Coming Down, Going Up…

Dear Readers, this might look like a perfectly normal staircase, but until a few days ago it had a stairlift on the left-hand side. We had hired this back in 2013 when Mum and Dad could no longer walk up the stairs, what with Dad’s breathlessness and Mum’s arthritis. We knew that it would probably only be used once a year, at Christmas, but it seemed well worth the investment. At least they could have a family Christmas with us.

The first time Mum used it, she took to it straight away, but Dad was more unsure. I heard Mum and Dad talking in the bedroom as they unpacked on that first afternoon.

‘I don’t like it, Syb’, said Dad. ‘It doesn’t feel safe’.

‘Well, you’ll have to get to like it, Tom, because otherwise we can’t come to visit’, said Mum.

In the end, Dad quite got to like it, riding up and down the stairs to collect his tablets and his walking stick (which was always in the wrong part of the house). But last year, we went to Milborne St Andrew to stay with them because they had had a chest infection, and were too ill to travel. And this year, we will be visiting them in the nursing home.

it seemed like time to remove the stairlift. After all, I told myself, if there was a miracle and they felt a bit better, we could always get it installed again.

What surprised me was the speed with which it went. I sent off an email, and the engineer phoned me the next day, to say that he was in the area and could he pop in and dismantle it?

A few hours later, I had my staircase back.

My heart has been very heavy this past few weeks. After all the effort of organising the nursing home for Mum and Dad, it seems strange not to be constantly occupied with carer rotas and medical appointments and trips up and down to Dorset. Mum is still very unhappy in the care home and that weighs heavily on my mind. But today I actually looked out of the kitchen window. This is kind of difficult because my two ‘pet’ orb-web spiders have been busy while I’ve been so preoccupied and have built a kind of spider metropolis between the ceiling and the windowpanes. But outside, whirring and clicking and fighting and bickering, were the starlings.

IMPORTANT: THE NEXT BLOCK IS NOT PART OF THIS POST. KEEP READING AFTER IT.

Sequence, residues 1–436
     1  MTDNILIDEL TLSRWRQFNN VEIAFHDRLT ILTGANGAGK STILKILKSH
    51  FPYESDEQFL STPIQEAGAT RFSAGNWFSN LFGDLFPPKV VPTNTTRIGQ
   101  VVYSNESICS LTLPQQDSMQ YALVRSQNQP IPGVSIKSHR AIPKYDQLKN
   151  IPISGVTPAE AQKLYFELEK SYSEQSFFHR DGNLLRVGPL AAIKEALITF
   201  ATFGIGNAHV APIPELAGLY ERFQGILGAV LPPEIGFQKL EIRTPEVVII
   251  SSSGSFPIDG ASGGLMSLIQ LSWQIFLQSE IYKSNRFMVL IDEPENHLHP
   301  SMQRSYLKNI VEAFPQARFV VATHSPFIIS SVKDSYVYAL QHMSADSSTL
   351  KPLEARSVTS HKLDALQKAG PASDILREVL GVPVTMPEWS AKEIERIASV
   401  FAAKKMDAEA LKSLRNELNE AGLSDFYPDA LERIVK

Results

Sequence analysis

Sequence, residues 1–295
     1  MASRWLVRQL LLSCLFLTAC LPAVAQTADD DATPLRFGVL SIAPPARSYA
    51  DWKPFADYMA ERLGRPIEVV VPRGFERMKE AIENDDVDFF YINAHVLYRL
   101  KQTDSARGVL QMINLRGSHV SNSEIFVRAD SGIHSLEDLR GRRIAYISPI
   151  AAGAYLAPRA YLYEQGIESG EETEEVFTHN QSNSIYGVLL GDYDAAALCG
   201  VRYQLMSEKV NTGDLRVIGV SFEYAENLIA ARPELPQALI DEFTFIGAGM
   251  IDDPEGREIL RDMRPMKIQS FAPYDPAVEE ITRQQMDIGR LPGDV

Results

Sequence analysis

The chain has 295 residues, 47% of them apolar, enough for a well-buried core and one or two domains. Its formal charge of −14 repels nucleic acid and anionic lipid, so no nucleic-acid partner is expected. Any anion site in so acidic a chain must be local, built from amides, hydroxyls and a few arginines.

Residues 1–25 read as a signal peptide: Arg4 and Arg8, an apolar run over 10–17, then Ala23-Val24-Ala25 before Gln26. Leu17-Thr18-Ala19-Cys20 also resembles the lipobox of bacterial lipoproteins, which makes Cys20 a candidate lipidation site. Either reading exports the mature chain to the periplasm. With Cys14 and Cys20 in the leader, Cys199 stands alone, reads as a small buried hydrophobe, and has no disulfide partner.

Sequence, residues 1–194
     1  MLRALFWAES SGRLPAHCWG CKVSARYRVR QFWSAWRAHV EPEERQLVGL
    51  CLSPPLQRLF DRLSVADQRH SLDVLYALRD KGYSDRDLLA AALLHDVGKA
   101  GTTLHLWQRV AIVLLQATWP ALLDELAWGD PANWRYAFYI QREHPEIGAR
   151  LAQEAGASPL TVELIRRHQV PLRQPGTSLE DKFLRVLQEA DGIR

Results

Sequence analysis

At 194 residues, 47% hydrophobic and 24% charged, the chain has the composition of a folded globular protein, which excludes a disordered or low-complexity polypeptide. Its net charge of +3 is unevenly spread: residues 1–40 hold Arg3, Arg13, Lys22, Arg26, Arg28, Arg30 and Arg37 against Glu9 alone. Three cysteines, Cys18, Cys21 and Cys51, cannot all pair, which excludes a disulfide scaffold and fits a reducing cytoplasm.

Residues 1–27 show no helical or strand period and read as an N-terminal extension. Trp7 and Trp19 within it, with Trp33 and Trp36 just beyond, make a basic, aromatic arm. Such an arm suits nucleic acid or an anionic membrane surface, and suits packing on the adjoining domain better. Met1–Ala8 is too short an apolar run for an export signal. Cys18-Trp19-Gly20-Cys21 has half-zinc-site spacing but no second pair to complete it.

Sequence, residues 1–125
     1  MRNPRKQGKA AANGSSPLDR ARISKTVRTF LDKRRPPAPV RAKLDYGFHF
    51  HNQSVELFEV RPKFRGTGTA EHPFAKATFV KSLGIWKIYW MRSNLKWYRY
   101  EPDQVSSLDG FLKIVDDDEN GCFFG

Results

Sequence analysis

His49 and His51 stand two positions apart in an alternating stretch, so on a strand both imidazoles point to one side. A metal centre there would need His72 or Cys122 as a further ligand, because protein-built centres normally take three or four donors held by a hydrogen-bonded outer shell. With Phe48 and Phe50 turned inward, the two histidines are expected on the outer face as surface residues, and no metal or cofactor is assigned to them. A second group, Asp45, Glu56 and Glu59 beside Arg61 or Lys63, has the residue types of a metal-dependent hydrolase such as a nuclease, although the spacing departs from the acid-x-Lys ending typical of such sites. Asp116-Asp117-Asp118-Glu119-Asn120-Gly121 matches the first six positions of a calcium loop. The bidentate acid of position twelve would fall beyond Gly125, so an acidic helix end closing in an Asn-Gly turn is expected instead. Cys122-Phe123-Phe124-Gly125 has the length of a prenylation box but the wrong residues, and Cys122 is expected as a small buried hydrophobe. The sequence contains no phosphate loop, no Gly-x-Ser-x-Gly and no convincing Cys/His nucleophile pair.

Their feathers really are star-spangled at this time of year. I wondered how many of them were this year’s dull-brown babies, all spivvied up for the winter? As the breeding season approaches in the spring, the bills of the adults will turn bright-lemon yellow, with the area of the beak closest to the face turning blue-grey in males, pinkish-white in females.

The colder weather this week has drawn them all together, and the flocks that descend onto the bird feeders ebb and flow all day. Starlings used to migrate south in the winter but, thanks to the suet pellets and fat balls provided by humans, many now stick around all year. The ones in East Finchley are certainly a constant presence.

And as is often the way, a few minutes spent with starlings seems to give me an injection of energy. Depression stalks me as it has for many years, but there is help in the sight and sound of these birds, fizzing and chuckling and arguing, reminds me that there is a big, complicated world out there. For a few moments, I’m not living in my head, and that is such a relief. And, just to give you an idea of the starling’s vocal range and ability to imitate, here are two rescued starlings mixing it up…


13 thoughts on “Coming Down, Going Up…

  1. Fran & Bobby Freelove

    Starlings, don’t you just love them, they have to be one of our most favourite birds. It’s impossible not to smile when you watch their antics, like a mass of boisterous children. I have to admit to giving over half of my spare bedroom to keeping all their sacks of food, and spending half the day continually filling up their holders, but they’re so worth it 😁

  2. Andrea Stephenson

    Dennis and Ernie are fabulous. I love starlings – just written a post about them myself – they’re such boisterous, joyful birds that they can’t help but lift your mood 🙂

  3. Sarah Ann Bronkhorst

    Recently a flock of starlings in our garden were harried and attacked continuously by two magpies, over about 15 mins, until all flew away. Territory? Food/feeders? No idea. Thanks for the link to the beatboxing birds: utterly delightful.

    1. Bug Woman

      I think magpies are often just juvenile hooligans at this time of year. I’ve seen great gangs of them attack a pair of crows and a small flock of woodpigeons as well. They are decidedly feisty birds!

  4. Michelle Le G

    We’ve had very few starlings for years and I miss them! We still have robins and blackbirds but mainly the garden is populated with blue tits, long tailed tits and pigeons.

    1. Bug Woman

      I think often it’s the destruction of nesting sites that causes the starlings to move on, they do love a communal nest, and so few new buildings have any space for them….


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